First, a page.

Speaking to Business of Fashion, the British designer said: “We opened a store in Westfield this week and a woman came in yesterday and chose a handbag and six stickers — and right there, in the store, we stickered up her bag. That’s really what it’s all about.”
So why are luxury stickers – preposterous in theory when you really think about it – selling out? It’s not that need to get a piece of a brand through buying something – anything – that has an affordable price point. These are not Anya Hindmarch‘s answer to Gucci sunglasses or Calvin Klein pants.
No, these cartoon-ish appendages are extraordinary because they perfectly sum digital culture today – a mash up of emojis and nostalgia that manage to embody a sense of pop art while they’re at it.
They take us back to playground swagger, doodling on jotters and customising lives and looks, pre-digital, pre-fast fashion when individualism was more rustically attained. We gravitate towards these vintage ideas, motifs and behaviours and feel united by them. Need evidence? Check out 70% of Buzzfeed’s content (sample headline: “Which 90s movie persona are you based on these three questions?”)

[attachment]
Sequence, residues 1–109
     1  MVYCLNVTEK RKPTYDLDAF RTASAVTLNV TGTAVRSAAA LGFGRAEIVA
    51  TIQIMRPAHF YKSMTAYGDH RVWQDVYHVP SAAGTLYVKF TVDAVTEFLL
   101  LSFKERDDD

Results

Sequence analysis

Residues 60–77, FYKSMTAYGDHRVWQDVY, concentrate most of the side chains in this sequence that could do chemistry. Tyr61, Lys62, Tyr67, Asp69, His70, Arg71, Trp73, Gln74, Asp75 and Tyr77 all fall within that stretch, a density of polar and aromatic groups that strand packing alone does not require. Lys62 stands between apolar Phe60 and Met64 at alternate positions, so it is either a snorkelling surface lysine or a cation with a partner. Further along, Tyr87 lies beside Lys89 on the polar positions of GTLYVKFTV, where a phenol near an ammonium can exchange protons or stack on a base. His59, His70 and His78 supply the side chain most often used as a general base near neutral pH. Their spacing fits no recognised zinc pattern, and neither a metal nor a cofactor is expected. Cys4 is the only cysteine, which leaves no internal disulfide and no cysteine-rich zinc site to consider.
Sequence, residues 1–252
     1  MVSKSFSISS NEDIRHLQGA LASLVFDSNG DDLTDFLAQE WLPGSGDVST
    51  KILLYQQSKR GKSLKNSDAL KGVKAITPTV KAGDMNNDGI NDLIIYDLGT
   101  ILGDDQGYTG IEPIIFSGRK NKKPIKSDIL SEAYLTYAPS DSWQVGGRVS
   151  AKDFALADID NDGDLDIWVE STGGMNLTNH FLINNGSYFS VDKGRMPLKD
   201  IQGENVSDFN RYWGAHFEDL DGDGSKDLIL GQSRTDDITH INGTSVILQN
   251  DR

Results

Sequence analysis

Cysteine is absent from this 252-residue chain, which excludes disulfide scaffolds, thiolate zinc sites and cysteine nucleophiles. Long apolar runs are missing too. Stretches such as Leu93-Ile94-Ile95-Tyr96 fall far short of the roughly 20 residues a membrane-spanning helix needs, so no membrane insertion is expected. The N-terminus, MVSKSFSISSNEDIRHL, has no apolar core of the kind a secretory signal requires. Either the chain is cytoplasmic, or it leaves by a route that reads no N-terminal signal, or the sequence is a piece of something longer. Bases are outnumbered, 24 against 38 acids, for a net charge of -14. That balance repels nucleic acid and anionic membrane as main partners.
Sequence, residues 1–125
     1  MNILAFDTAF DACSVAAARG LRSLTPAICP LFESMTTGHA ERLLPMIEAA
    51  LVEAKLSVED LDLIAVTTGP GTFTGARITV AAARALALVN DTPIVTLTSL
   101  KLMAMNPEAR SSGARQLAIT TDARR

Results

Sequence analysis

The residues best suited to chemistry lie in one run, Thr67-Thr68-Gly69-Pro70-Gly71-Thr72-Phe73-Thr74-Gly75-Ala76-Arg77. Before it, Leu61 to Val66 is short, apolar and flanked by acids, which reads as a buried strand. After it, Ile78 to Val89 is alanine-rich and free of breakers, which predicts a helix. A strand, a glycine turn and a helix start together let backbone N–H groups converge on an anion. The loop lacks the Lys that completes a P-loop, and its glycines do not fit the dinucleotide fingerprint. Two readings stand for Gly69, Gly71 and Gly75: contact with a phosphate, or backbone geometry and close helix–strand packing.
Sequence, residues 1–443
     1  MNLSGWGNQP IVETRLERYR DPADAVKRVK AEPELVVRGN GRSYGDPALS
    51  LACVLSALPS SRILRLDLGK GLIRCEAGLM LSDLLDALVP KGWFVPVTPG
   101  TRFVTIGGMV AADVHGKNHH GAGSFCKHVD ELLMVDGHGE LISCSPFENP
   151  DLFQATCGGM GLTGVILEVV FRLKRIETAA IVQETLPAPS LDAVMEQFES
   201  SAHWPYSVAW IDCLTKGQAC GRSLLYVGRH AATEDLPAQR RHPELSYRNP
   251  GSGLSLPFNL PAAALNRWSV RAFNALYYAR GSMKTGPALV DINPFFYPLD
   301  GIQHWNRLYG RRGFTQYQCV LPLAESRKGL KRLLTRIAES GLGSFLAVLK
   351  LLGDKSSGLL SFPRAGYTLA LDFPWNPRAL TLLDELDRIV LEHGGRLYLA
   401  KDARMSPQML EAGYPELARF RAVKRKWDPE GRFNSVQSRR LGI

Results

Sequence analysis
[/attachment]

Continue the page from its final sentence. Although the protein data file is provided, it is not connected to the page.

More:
And yet, it’s not just nostalgia-driven. The stickers are basically physical emojis, and isn’t that our global language in 2015? They let consumers dip into the world of smileys and slogan t-shirts without actually wearing a winky face across their chest. Because while that look may not really work in an office or an actual life after, say, the age of 25, a sticker is completely acceptable. A small but discerning nod to knowing and being part of what’s going on.
Who knew a simple sticker could achieve and embody so much? Anya Hindmarch obviously – clever woman.
This post was originally published on WGSN Insider.